The Exceptional Family Member Program

The Exceptional Family Member Program

What is the Exceptional Family Member Program?
The EFMP supports military families with special medical and educational needs. The program has three components:

  • Identification and enrollment of a family member with special medical or educational needs
  • Assignment coordination to determine the availability of services at the projected duty station
  • Family support to help families identify and access programs and services


Who should enroll in the program?
Family members with special medical or educational needs, including a spouse, child, or a dependent adult, should enroll in the program. This includes family members who:

  • Require special medical services for a chronic conditions such as asthma, attention deficit disorder, diabetes, multiple sclerosis, etc.
  • Receive ongoing services from a medical specialist
  • Have significant behavioral health concerns
  • Receive early intervention or special education services through an individualized education program or individualized family service plan

Why enroll in the program?
Enrollment in the EFMP ensures a family member's documented medical and educational needs are considered during the assignment process. It also allows families to receive the support and assistance they need to navigate medical and educational systems.

How do families enroll in the program?
Enrollment in the EFMP is mandatory for active-duty military members; members of the Guard or reserves may enroll according to service-specific guidance. Paperwork required for enrollment in the EFMP is available from the EFMP medical point of contact at the installation military treatment facility or, in the Marine Corps, from Marine Corps Community Services.  The forms for enrollment are:

  • DD Form 2792, Family Member Medical Summary. In order to document medical needs, the service member, spouse, or adult family member completes the first page.  The remainder is completed by the family member's physician or other qualified medical professional and includes the diagnosis, frequency of care, medication, and any special accommodations required by the family member.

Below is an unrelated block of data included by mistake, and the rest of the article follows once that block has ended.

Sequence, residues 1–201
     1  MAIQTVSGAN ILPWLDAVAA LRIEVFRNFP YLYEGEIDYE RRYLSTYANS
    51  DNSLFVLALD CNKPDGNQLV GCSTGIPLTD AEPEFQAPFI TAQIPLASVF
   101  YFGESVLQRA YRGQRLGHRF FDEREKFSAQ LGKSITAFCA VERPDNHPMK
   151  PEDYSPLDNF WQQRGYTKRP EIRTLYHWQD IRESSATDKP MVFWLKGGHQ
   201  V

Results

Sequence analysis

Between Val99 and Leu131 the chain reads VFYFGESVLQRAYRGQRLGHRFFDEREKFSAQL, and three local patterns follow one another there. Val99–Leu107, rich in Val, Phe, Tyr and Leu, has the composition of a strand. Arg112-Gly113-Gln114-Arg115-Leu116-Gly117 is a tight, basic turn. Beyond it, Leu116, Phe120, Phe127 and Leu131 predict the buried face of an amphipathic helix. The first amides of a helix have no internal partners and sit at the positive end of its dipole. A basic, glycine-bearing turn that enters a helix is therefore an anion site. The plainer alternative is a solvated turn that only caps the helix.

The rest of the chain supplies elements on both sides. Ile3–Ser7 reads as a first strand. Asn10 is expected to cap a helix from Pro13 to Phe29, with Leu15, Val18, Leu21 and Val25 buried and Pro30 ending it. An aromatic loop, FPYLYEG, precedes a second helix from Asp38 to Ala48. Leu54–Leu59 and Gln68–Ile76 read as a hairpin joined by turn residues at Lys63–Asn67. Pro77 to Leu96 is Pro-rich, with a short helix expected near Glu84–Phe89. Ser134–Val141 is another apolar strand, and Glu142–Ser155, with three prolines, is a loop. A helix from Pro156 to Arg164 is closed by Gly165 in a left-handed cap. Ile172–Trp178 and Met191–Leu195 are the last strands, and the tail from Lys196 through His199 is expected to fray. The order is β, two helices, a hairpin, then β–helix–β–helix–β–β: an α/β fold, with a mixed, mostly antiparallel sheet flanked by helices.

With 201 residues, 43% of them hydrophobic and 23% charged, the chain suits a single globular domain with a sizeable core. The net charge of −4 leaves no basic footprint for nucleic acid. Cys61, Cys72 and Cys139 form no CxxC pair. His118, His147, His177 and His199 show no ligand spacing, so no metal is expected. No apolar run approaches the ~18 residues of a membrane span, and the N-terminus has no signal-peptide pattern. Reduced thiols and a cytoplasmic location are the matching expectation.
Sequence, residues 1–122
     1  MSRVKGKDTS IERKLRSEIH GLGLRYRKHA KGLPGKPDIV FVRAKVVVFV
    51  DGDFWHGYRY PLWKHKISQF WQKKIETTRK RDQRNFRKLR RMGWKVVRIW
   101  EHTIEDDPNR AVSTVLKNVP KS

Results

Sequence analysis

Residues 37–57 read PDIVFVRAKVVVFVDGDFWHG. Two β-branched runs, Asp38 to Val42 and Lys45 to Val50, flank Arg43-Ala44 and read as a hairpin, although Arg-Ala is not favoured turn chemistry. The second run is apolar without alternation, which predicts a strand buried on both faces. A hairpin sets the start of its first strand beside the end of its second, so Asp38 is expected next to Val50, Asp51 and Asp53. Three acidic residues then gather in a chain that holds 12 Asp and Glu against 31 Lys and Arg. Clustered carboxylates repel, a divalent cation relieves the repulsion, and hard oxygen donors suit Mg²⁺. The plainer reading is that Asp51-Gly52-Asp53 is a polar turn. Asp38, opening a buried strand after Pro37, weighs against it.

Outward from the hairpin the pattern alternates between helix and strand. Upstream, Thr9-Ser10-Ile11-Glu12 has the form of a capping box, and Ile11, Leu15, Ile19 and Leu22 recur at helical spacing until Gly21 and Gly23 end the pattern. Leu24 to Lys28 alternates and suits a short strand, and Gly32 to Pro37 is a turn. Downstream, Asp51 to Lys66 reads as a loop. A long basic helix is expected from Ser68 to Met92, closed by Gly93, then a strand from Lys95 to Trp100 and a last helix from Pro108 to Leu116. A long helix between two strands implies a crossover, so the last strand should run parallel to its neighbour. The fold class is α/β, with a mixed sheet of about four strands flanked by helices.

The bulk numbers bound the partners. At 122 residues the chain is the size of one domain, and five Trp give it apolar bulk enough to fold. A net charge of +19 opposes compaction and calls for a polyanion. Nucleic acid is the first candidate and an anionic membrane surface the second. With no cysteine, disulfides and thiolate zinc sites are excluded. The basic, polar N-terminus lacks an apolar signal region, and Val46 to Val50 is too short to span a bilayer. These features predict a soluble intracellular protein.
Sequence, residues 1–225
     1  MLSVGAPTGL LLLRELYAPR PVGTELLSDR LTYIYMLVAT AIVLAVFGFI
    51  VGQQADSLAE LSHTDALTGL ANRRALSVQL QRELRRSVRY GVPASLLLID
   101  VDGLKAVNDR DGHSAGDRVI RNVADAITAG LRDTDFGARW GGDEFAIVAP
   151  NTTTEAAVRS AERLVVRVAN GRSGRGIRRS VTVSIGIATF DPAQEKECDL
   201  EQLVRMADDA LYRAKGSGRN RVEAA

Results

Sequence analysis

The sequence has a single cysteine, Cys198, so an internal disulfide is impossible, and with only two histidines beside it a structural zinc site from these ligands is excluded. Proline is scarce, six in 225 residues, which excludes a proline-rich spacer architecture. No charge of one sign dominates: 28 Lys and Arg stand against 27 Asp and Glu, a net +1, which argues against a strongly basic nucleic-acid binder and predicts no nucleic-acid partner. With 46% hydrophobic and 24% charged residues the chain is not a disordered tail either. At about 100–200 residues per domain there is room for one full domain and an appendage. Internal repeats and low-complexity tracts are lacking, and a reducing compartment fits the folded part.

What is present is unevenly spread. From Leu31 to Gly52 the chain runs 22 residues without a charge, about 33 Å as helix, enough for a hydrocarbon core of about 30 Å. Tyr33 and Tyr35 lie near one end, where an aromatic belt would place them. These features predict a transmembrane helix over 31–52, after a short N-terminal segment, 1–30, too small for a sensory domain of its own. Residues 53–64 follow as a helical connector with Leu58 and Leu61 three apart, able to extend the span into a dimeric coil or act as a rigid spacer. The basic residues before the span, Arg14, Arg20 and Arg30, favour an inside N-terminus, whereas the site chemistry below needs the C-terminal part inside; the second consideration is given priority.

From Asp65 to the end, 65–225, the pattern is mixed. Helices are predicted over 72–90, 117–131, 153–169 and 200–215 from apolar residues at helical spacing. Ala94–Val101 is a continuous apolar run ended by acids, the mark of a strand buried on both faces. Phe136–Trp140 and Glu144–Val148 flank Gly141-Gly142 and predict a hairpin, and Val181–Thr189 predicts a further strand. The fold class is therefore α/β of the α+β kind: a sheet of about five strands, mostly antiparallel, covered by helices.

• DD Form 2792-1, Special Education/Early Intervention Summary. In order to document educational needs, the sponsor, parent, or legal guardian completes items one through seven of the first page.  The remainder of the form is completed by the school or early intervention program personnel.  The form includes the child's educational diagnosis and is accompanied by a copy of the IEP or individual family service plan.

    After the appropriate medical or educational provider completes the forms, they must be returned to the EFMP medical point of contact.

Assignment Coordination:

What is assignment coordination?
The military mission is the driving force behind the assignment process, but the EFMP enrollment ensures that a family member's special needs are considered in the process.  Assignment coordination occurs when the personnel command requests medical or educational professionals to review a family member's documented needs to determine the availability of services at a projected location.

Why is assignment coordination important?
Assignment coordination is important because access to appropriate medical and educational services may be limited in some areas, especially in overseas and remote locations.  When assignment coordination occurs, family members receive the care and support they require, and the service member can focus more clearly on mission-related responsibilities.

Family Support:

What is family support?
The EFMP family support helps families identify and access programs and services. Family support includes, but is not limited to, the following:

  • Information and referral for military and community services
  • Education and outreach
  • Referral to other family support center providers
  • Local school and early intervention services information
  • Warm handoffs to the EFMP at the next location
  • Non-clinical case management, including individualized services plans

What is the role of the family support provider?
The role of the family support provider is to help families on that path to empowerment by providing information and referral services, non-medical case management, training, and other forms of support, such as providing opportunities for families to connect with each other around a common need or concern.

Locating and navigating formal programs and services and informal supports when relocating can be difficult, because they may have a different title in the new state or fall under the responsibility of a different agency.  The EFMP family support provider can help bridge that gap, as well as help families understand what those programs offer, how to determine eligibility and how to apply for benefits or entitlements.